Medlars were great favourites in Victorian days, when they were served after dinner with port. The fruits are unusual in that they cannot be eaten until they are partially decayed. The trees are sometimes grown in the flower garden because their white flowers are beautiful in early June.
The trees will grow on almost all soils, but if theis dry and sandy, plant trees grafted from white thorn stock.
Plant any time between November and March, the earlier the better. Buy two-year-olds on quince stock for bush trees and four-year-olds on seedling pear stock for standards. Provide a good stake, driving it in at an angle for bush trees (away from the bush and the opposite side to the prevailing wind) and upright for standards. Tie with a plastic tree strap.
Apply bone meal each February at 3 oz. per sq. yd. all round the tree as far as the branches spread. Apply a mulch round the tree early in June on sandy soil and on other soils in a dry season. Peat or, 1 in. deep, is suitable.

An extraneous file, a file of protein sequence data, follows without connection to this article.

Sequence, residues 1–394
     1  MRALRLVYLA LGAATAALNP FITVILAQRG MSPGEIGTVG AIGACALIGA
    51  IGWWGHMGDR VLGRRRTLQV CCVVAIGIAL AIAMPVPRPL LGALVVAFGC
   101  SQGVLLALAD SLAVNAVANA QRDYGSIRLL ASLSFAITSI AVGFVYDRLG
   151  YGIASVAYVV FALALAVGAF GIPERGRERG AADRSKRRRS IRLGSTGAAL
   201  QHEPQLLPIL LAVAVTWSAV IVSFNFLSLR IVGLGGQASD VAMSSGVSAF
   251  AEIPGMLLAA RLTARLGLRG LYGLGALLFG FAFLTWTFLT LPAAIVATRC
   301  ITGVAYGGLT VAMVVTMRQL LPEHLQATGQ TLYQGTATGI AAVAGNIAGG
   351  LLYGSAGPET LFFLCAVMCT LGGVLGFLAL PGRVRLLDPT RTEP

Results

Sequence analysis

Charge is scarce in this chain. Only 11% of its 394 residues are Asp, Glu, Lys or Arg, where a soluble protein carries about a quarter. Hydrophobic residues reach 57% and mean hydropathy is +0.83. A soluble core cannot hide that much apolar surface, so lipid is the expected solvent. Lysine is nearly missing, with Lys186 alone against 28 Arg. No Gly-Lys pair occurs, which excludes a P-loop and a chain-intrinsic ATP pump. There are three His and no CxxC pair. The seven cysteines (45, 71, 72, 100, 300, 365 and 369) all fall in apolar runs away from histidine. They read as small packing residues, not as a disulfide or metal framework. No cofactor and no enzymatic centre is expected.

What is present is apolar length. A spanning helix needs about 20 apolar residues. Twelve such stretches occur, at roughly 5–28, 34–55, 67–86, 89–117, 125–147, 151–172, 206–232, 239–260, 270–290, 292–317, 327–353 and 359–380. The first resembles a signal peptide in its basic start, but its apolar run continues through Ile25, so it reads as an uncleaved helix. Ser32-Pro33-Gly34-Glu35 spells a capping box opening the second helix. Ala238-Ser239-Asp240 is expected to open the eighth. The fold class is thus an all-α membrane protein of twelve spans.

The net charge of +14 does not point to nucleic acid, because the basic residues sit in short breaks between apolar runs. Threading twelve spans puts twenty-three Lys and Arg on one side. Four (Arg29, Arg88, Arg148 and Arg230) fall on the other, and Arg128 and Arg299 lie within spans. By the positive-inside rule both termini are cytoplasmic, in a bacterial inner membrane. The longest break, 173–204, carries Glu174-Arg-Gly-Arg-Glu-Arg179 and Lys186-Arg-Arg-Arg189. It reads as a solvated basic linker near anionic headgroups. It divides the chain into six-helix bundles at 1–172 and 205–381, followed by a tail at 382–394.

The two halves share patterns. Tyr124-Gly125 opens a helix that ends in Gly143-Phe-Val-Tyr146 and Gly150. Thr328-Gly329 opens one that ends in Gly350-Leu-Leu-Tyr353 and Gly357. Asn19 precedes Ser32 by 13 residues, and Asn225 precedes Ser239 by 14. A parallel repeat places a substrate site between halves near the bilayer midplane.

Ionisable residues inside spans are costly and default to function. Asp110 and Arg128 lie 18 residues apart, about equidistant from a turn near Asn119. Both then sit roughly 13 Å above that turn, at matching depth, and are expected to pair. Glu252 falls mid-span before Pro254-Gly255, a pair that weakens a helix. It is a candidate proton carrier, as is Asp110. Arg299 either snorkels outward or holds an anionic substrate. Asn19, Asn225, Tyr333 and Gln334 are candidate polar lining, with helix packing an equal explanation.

Cut back the one-year-old terminal growths by half for the first four years, and by a quarter for the next two years. Cut back the stronger one-year-old side growths by about half and leave the weaker side shoots.
After the sixth year allow the tree to grow naturally, except for cutting out one or two
When the medlar tree is growing in grass allow the medlar fruits to fall to the ground. Otherwise, pick in November and store the fruits calyx downward on sheets of paper on a shelf in a greenhouse at a temperature of about 45 to 50° F. (6 to 10° C). In three or four weeks the fruits will start to decay and turn a dark brown, and are then ready to eat. This ripening-off is called ‘bletting’.
Whilst medlar fruits might not be your thing, you could always try your hand at growing a variety of other fruits.